(b. 1739, Paris, d. 1811, Paris)
French architect. He studied architecture with Giovanni Niccolò Servandoni (1695-1766), Étienne Louis Boullée and Pierre Louis Moreau-Desproux (1727 or 1736-1793). He took the Academy of Architecture's Grand Prix de Rome in 1758 at age 19, traveled to Rome the following year, and returned to France in 1763. His patrons included the Count de Saint-Florentin, for whose mistress Chalgrin built a house on the Champs-Élysées that was subsequently leased by Thomas Jefferson during the years that he served as U.S. minister to the French government.
Chalgrin participated in the reintroduction of the basilican style of church architecture. His Saint-Philippe-du-Roule (designed 1768) was the main church of this type in Paris. Prominent features of the interior are twin rows of columns, extending down the sides of the nave and around the periphery of the apse, that support a coffered barrel-vault ceiling. The structure is characterized by an essential simplicity of design that was in stark contrast to the complex interiors of existing Gothic and Renaissance churches.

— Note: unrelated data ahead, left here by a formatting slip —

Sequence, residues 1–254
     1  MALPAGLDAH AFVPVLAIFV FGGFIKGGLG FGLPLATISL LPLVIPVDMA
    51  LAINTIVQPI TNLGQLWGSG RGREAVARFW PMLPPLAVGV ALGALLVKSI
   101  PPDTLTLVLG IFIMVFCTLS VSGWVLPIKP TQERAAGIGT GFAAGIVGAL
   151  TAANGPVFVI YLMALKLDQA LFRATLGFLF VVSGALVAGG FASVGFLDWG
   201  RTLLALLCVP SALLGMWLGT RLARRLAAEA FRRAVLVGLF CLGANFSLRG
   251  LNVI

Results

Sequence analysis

Following the marriage of the count de Provence (later Louis XVIII), Chalgrin became first architect to his household (1775) and designed for the countess the Pavillon de Musique at Versailles, which still survives. At this time he also helped to complete the Church of Saint-Sulpice. Under the Directory Chalgrin was commissioned to transform the Luxembourg Palace into a government building. The salle des séances that he built now serves as the hall of the French Senate. Chalgrin's final project, which he did not live to see completed, was the famous Arc de Triomphe in Paris, begun in 1806 to commemorate Napoléon's victorious battles.
Chalgrin was elected to the Académie royale d'architecture (France) in 1770. He succeeded Charles de Wailly in the Institut de France in 1798.